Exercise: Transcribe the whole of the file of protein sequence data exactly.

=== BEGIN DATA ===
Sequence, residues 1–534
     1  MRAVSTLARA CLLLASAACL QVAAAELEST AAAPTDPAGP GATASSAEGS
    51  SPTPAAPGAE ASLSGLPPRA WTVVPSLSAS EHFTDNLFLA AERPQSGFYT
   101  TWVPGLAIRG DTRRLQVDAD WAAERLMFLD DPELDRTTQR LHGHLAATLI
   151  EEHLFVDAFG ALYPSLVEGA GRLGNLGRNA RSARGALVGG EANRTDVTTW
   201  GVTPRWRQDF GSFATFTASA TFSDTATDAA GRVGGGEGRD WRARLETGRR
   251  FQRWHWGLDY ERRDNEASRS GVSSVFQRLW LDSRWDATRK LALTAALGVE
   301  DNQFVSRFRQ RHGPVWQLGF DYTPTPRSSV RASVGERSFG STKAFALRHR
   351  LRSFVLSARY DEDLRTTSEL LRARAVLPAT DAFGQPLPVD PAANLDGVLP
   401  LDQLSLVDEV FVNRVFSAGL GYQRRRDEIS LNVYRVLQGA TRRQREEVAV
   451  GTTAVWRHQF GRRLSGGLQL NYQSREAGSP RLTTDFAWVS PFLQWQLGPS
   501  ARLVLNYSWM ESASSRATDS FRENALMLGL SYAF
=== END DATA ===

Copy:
Sequence, residues 1–534
     1  MRAVSTLARA CLLLASAACL QVAAAELEST AAAPTDPAGP GATASSAEGS
    51  SPTPAAPGAE ASLSGLPPRA WTVVPSLSAS EHFTDNLFLA AERPQSGFYT
   101  TWVPGLAIRG DTRRLQVDAD WAAERLMFLD DPELDRTTQR LHGHLAATLI
   151  EEHLFVDAFG ALYPSLVEGA GRLGNLGRNA RSARGALVGG EANRTDVTTW
   201  GVTPRWRQDF GSFATFTASA TFSDTATDAA GRVGGGEGRD WRARLETGRR
   251  FQRWHWGLDY ERRDNEASRS GVSSVFQRLW LDSRWDATRK LALTAALGVE
   301  DNQFVSRFRQ RHGPVWQLGF DYTPTPRSSV RASVGERSFG STKAFALRHR
   351  LRSFVLSARY DEDLRTTSEL LRARAVLPAT DAFGQPLPVD PAANLDGVLP
   401  LDQLSLVDEV FVNRVFSAGL GYQRRRDEIS LNVYRVLQGA TRRQREEVAV
   451  GTTAVWRHQF GRRLSGGLQL NYQSREAGSP RLTTDFAWVS PFLQWQLGPS
   501  ARLVLNYSWM ESASSRATDS FRENALMLGL SYAF